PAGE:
Posts Tagged ‘how to make a mint lemonade’

Refreshing Herbal Mint Syrup

Friday, January 16th, 2009

Whether it is cold or hot outside, having a supply of this Refreshing Mint Syrup will always be welcomed! The benfits and  healing properties or mint are legandary.

This recipe yields approximately 3 cups of a tasty syrup which can be used in summer for flavouring lemonades, teas, mint jullips, etc, and is equally handy for use in the winter to add a refreshing flavour of summer to hot chocolate (recipe for a wonderful mix in this blog), to sweeten soothing herbal teas, and even to include in making cold weather desserts even more tempting! In addition to being very tasty, this Refreshing Mint Syrup has several healing properties as well. In making this benefitial syrup, you can either use mint from your garden, or store-bought organic during the winter months.


2 c water

2 c sugar

1 bunch fresh mint, with stems

  1. Combine the water and sugar together in a saucepan, and stir until the sugar dissolves.
  2. Add in the mint, and place the pot on medium heat until it begins to boil.
  3. Reduce the heat, then simmer for five minutes.
  4. Remove your Refreshing Mint Syrup from the heat, allowing it to stand undisturbed for 2 hours.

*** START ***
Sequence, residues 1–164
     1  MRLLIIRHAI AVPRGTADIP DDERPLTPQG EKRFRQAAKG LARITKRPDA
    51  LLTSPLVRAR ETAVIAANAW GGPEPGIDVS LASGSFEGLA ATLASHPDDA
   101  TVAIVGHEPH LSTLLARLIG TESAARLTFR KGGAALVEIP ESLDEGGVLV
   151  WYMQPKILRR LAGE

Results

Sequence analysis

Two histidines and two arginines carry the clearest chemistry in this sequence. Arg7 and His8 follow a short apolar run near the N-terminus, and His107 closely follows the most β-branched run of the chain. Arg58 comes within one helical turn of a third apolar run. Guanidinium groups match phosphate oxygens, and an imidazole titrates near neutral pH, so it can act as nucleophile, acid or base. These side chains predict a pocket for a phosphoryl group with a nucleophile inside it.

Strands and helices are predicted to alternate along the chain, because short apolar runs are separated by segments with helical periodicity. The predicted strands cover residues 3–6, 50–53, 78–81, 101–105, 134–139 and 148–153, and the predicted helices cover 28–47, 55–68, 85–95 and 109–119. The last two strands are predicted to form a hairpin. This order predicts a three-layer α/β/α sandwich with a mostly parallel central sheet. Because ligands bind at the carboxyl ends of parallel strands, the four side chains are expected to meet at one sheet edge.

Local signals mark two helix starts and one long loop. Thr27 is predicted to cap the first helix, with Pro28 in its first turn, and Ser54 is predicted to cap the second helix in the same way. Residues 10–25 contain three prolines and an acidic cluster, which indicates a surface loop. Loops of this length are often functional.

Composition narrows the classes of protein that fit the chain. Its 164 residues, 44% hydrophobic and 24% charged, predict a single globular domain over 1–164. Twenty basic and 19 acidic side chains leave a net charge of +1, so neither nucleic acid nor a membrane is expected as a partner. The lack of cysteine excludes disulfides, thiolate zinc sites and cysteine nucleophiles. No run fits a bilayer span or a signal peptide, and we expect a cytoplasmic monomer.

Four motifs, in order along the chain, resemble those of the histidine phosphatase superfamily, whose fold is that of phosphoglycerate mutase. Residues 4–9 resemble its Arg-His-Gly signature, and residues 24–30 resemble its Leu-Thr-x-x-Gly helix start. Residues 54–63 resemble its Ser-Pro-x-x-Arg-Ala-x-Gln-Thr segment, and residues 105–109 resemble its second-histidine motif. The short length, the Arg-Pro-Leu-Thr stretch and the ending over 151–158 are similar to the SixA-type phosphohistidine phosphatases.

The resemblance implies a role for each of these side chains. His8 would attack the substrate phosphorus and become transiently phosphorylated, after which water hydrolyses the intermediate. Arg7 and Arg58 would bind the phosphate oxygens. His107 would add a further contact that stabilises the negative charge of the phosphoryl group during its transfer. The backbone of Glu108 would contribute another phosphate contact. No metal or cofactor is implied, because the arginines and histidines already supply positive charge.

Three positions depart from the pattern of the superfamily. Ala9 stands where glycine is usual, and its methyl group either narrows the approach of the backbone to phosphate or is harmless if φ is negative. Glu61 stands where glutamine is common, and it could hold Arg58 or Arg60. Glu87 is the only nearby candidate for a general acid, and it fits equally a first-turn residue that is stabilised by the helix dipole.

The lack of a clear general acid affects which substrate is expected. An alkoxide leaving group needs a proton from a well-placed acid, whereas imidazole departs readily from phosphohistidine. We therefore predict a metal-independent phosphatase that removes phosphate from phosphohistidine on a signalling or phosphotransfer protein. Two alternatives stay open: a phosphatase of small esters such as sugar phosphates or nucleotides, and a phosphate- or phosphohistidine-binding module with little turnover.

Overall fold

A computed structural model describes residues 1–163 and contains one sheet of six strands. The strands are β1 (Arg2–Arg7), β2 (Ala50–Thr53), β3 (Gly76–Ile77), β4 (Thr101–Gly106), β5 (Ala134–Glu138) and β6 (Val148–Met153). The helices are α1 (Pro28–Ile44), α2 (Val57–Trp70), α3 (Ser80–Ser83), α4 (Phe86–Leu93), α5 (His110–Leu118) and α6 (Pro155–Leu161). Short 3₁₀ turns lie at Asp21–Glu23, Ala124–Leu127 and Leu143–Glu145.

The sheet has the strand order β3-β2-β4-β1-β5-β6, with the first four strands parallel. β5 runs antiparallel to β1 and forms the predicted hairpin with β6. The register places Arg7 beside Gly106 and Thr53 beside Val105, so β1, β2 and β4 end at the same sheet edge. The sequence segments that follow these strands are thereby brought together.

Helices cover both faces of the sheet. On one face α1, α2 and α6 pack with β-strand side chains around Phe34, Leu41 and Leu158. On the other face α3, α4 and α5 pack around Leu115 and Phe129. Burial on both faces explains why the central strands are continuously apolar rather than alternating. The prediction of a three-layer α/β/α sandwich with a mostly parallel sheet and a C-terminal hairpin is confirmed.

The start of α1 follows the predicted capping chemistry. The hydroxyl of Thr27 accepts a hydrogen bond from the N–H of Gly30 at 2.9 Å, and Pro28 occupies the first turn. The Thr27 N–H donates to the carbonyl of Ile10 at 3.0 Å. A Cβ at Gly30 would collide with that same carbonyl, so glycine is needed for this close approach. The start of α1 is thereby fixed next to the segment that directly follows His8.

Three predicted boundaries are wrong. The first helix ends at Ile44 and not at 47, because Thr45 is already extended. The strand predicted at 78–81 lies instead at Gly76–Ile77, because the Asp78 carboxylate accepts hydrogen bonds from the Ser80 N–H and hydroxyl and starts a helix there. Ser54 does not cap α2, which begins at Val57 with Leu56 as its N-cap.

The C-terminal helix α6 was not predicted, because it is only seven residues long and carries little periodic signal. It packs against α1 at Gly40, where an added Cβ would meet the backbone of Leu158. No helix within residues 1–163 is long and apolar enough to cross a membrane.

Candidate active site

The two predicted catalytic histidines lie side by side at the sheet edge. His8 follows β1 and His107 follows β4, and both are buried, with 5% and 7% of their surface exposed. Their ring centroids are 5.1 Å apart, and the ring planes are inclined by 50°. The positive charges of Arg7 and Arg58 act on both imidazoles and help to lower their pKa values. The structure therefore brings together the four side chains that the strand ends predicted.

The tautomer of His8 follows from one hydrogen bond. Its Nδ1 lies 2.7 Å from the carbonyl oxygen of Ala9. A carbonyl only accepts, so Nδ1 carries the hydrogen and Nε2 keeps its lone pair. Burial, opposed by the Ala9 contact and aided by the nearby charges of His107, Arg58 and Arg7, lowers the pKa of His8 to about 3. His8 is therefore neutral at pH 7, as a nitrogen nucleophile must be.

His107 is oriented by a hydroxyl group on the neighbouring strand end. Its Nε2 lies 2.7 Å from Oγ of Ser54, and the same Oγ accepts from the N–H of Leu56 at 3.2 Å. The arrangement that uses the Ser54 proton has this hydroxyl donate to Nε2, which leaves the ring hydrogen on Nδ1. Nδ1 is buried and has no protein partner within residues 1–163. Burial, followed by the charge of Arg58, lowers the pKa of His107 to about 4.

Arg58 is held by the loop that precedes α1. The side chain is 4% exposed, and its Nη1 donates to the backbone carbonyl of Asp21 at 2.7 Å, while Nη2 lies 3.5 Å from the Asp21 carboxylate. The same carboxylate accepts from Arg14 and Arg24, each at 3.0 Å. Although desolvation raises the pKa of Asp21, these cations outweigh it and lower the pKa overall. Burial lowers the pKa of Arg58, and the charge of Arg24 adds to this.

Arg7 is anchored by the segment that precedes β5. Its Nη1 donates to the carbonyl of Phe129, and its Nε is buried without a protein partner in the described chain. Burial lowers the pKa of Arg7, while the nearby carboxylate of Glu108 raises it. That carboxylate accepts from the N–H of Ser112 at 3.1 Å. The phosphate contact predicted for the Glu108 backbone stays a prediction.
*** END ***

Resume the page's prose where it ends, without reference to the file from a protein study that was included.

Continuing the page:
5. When cold, strain the syrup and refrigerate.
  6. Either use your Refreshing Mint Syrup to sweeten a pitcher of iced tea in the summer, or pour it into a small pitcher and let guests sweeten their own tea. This is a wonderful syrup to use in the winter months as well, as suggested above.

(For more recipes from a Homemade Orange Julius; Homemade Boursin cheese; Swirled Peppermint Brittle; herbal recipes, preparations; homemade holiday and hostess gift ideas; mocktails; spice combinations –such as Mignonette, Cajun, Asian Five Spice, German Mustard, etc– and so much more, check out the ‘category’ sections of

Mint is used effectively as an alternative herbal treatment. It is helpful for in treating nausea and vomiting, morning sickness, stimulating the lymph nodes, and in general, can be used to treat upper respiratory tract infections and sinusitis.

Peppermint is a decongestant. It is a cooling fragrant and bitter herb that proves to be an anti-spasmodic, diaphoretic, digestive aid, antiseptic and slightly anesthetic because it contains a high amount of an essential oil which in turn consists of menthol, menthone, menthyl acetate and menthofuran.

Mint drinks, by reputation are said to be ‘refreshing‘. This is because the ‘mint’ scent helps to clear the mind, helping you to focus better, and relieves mental strain–all naturally without prescription drugs.